**Leo Corry** teaches at the Cohn Institute for History and Philosophy of Science, Tel Aviv University. His main research field is the history of mathematics in the early 20th century.

**David E. Rowe** teaches history of mathematics and exact sciences at Mainz University. His principal research interests center around mathematics in Germany in the period from 1800 to 1945. Alongside foundations issues he has been studying parallel developments in the foundations of physics connected with relativity theory. In connection with the latter, he has worked as a contributing editor for the Einstein Editorial Project at Boston University since 1998.

**Wilfried Sieg** is Professor in the Department of Philosophy at Carnegie Mellon University, Pittsburgh. He has been pursuing proof theoretic issues ever since his graduate studies at Stanford University: consistency proofs for subsystems of analysis, characterization of provably total functions for fragments of arithmetic, and automated search for natural deduction proofs in logic. The mathematical work has been complemented by historical and philosophical analyses of the foundational work of Hilbert and Bernays, but also of the emergemce of the concept of effective calculability.

**Dirk Van Dalen** is Professor in the History of Logic and Philosophy of Mathematics at Utrecht University. He is in charge of the Brouwer Project for preparing and editing the unpublished manuscripts and correspondence of Brouwer. He has published the first volume of the Brouwer Biography.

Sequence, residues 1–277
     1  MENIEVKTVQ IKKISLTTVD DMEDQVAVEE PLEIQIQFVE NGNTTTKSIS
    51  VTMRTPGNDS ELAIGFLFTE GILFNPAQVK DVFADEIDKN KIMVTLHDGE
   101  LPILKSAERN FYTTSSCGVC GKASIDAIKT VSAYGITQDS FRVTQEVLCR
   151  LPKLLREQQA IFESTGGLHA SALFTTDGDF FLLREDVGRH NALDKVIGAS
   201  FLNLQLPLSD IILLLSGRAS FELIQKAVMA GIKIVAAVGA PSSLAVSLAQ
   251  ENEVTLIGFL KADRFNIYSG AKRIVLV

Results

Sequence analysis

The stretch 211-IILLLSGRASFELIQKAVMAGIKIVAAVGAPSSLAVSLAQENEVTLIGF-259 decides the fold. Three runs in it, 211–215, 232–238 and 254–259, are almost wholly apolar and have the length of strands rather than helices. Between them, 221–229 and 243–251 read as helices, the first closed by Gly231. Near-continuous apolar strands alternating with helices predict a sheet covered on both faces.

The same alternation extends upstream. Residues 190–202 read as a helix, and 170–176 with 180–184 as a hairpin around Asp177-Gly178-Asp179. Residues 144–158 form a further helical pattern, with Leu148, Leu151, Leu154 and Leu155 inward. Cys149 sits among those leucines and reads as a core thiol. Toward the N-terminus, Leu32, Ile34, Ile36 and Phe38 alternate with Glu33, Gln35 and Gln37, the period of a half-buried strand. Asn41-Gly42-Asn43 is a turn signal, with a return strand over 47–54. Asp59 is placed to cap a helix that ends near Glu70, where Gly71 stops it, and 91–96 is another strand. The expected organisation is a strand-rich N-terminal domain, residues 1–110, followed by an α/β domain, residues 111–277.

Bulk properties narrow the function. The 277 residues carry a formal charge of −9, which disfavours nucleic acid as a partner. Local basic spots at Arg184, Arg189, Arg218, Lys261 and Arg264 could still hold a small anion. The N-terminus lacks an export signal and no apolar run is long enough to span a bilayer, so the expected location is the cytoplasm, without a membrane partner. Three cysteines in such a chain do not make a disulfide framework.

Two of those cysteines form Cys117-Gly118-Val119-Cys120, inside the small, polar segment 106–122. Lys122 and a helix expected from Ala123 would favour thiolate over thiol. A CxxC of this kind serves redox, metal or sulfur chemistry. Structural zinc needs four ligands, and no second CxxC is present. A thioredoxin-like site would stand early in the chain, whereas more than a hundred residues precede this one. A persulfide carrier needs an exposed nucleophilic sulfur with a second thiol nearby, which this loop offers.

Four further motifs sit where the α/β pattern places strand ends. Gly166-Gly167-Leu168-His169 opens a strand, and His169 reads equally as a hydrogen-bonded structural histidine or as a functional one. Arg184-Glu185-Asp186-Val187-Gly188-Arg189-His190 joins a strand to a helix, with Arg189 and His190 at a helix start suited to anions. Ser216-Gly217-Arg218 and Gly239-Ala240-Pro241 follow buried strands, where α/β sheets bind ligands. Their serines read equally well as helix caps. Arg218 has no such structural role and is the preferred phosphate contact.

**Moritz Epple** presently holds a Heisenberg fellowship in the History of Mathematics. After graduating in physics and philosophy, he received a PhD in mathematical physics from Tuebingen University. Since then, he has been teaching history of science and history of mathematics at the universities of Mainz and Bonn.

**Erhard Scholz** is Professor of History of Mathematics at the Department of Mathematics, University of Wuppertal. His main research interests include the history of the 19th and 20th centuries. He contributes to the Hausdorff edition (Bonn). Additional research interests concentrate on the historical interrelation between mathematics and physics, centered around the work of Hermann Weyl.

Preface

Introduction: Vincernt F. Hendricks, Stig Andur Pedersen and Klaus Frovin Jørgensen

Part I – Review of Proof TheoryChapter 1. Solomon Feferman: Highlights in Proof Theory

Part II – The Background of Hilbert’s Proof Theory.Chapter 2. Leo Corry: The Empiricist Roots of Hilbert’s Axiomatic Approach

Chapter 3. David Rowe: The Calm before the Storm: Hilbert’s Early Views on Foundations

Chapter 4. Wilfried Sieg: Toward Finitist Proof Theory

Part III – Brouwer and Weyl on Proof Theory and Philosophy of MathematicsChapter 5. Dirk Van Dalen: The Development of Brouwer’s Intuitionism.

Chapter 6. Moritz Epple: Did Brouwer’sIntuitionistic Analysis Satisty its own Epistemological Standards?

Chapter 7. Solomon Feferman: The Significance of Hermann Weyl’s Das Kontinuum.

Chapter 8. Erhard Scholz: Hermann Weyl on the Concept of Continuum.

Part IV – Modern Views and Results from Proof TheoryChapter 9. Solomon Feferman: Relationships between Constructive, Predicative and Classical Systems of Analysis.

Index